Guyana History: BOY SCOUTS – Troop 39 – By Geoff Burrowes

BOY SCOUTS – Troop 39 – By Geoff Burrowes

Boy Scouts

Our big ugly brown tent would never win us a campsite award and our marching and turnout during the Garnett Cup would never win us an award, but our scoutmaster Richard ‘Dicky’ Driver was a proper bushman and he taught us well.

My first rally was at Redwater Creek a clear Coca Cola coloured creek that ran through white sand banks and we had a campsite halfway down the hill at a bend in the trail that gave a lovely view of the swimming hole. Mr. Driver went to Sammy Isaacs who I think, was the scouter in charge of the camp layout and insisted that we be moved to a site at the very top of the hill that perched over the camping area.      

We grumbled as we moved our heavy gear up the hill, and the scouts from Main Street and QC laughed at us but when next morning, after a night of torrential rain had washed the rest of the rally down the hill we had the last laugh!

I don’t know how Mr. Driver knew it was going to rain like that but I never heard anyone dispute his campsite location after that! It didn’t hurt that he insisted that we dig drains down the sides of our tents to take the runoff from our tent flaps. That morning dry bread, sugar and rice were in high demand and we had plenty. This time it was the other scout troops moving heavy gear!

Mr Driver, or the Old Man as we affectionately referred to him was not a big man but he took up lots of space and was never one to step away from a fight, especially if he thought he was right! He was a bantam rooster of a man with a shiny bald head and a chin that stuck quickly out if he was affronted. He was well respected in the scouting community though not particularly diplomatic and a lot of the more pompous scout leaders steered clear of him. The only person he took any guff from was his wife Louisita a Trinidadian lady who ran a three storied guest house in Murray Street with an iron fist and who he loved dearly.

Richard Driver was a senior patrol leader and apart from being tall was very much like the Old Man. Richard had a wicked sense of humour and always seemed to have a ‘hot’ girlfriend.

Channa was Malcolm Chan A Sue, from the Northwest district, an exotic land of hills and large rivers, looking across mountain ranges and rivers into Venezuela. North West was also home to the sweetest oranges. grapefruits and tangerines you’ve ever tasted. Malcolm’s Dad, Sonny would have liked have liked him to take over the family farm but Malcolm was sold on flying from early on and became one of the first Guyanese pilots with Alec Phillips, Guy Spence, Phillip Jardim and Desmond Ross, to fly for our Guyana Airways airline. Guyana Airways incidentally, although flying in and out of less than ideal airstrips including a savannah pond with a lasso tether had an exemplary safety record. Art Williams and Harry Wendt were the early flying pioneers that got flying in Guyana started using an Army Surplus Grumman Ireland with a puller pusher engine.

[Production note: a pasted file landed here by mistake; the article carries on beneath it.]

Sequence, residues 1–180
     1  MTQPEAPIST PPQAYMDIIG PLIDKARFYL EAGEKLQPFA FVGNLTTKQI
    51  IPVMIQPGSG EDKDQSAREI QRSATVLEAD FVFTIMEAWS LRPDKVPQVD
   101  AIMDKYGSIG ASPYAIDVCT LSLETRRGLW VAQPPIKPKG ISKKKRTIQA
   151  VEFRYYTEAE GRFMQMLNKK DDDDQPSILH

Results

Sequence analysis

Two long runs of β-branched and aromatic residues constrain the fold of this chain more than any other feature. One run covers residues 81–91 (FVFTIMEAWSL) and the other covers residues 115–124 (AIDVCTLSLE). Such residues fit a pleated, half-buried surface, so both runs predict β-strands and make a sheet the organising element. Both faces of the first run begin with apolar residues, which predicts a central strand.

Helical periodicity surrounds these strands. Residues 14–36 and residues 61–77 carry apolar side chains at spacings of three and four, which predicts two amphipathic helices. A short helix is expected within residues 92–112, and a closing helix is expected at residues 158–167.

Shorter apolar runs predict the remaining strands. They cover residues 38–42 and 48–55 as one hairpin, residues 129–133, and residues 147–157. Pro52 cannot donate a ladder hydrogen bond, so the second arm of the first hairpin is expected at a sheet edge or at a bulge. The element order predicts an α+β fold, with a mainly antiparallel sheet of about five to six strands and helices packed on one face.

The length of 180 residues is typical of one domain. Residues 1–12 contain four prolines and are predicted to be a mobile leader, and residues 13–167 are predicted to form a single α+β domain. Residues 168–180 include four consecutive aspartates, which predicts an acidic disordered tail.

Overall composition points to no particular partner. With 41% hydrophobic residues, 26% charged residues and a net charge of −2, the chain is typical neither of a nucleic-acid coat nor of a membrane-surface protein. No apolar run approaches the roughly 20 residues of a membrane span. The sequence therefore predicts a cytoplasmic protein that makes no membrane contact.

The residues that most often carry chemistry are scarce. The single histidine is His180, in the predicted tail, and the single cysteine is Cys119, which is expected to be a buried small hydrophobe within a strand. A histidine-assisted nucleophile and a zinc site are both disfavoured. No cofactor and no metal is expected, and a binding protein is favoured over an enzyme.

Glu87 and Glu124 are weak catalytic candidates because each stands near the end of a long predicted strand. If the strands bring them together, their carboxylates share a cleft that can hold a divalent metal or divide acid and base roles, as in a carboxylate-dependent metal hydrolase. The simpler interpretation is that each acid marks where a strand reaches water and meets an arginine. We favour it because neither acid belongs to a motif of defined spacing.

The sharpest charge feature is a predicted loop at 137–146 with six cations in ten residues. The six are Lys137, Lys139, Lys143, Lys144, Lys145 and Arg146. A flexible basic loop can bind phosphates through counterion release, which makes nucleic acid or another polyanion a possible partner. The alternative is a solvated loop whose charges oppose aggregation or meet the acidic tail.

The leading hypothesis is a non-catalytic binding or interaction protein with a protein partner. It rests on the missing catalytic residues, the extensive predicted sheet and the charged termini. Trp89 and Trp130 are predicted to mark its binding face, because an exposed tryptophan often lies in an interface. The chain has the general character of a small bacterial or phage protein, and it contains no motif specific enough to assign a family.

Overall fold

When I joined 39 Gilbert Menezes was the troop leader and ‘Birdy Belgrave was the Assistant Scoutmaster. My memory of Birdy is of a kind man who loved to teach the boys!

At the end of most meetings we would play British Bulldog a rough and boisterous game that gave us a keen appreciation of tackling which served us well when we started playing rugby.

We were playing British Bulldog one evening when I managed to get in a fight with a gang of boys outside East Indians cricket club who followed me down Palprey Dam to our HQ building. One of the boys produced a sliced off tin can lid and rushed me. Richard tripped him up and Channa relieved him of the can, at which time they left with unfulfilled curses and threats.

We were a tight group and even when we didn’t have official camps or rallies we would take our ugly brown tent, and ride up to Volunteers Creek and camp. Incidentally if you ever hear anything about us running one of the boys underpants up the flagpole don’t believe a word of it – it never happened! We had a very diverse troop, Channa from North West District, Roy and Ronnie and Dagbal, Tony and the Gorinskys from Rupununi, Chow Sac and Archie and Douglas Menezes and me from Georgetown and of course Edward (Sam) and Peck. Although we didn’t show much spit and polish there was not a man among us who was not proud of 39 and who did not walk with a swagger because of it.

There was a fly in the ointment for me though and I didn’t like it for I don’t like being  afraid. We were in the middle of the Troop boxing tournament and I had won my last match. That meant my next fight was with  Douglas Menezes, one of the other patrol leaders. Douglas was a couple of inches taller than me and a couple of pounds heavier, so I figured to come out a couple of points short! I also don’t enjoy being pounded on. The day of the fight arrived and with a hollow in my stomach I rode slowly up to Scout Ground. To my delight Douglas didn’t show and I was awarded the fight! Wha fo do! I attended Douglas’ funeral recently and would gladly have fought him if he could have survived his heart attack!

I thank God for guiding me to Troop 39, which helped enrich my teenaged days in British Guiana, the country that I loved!

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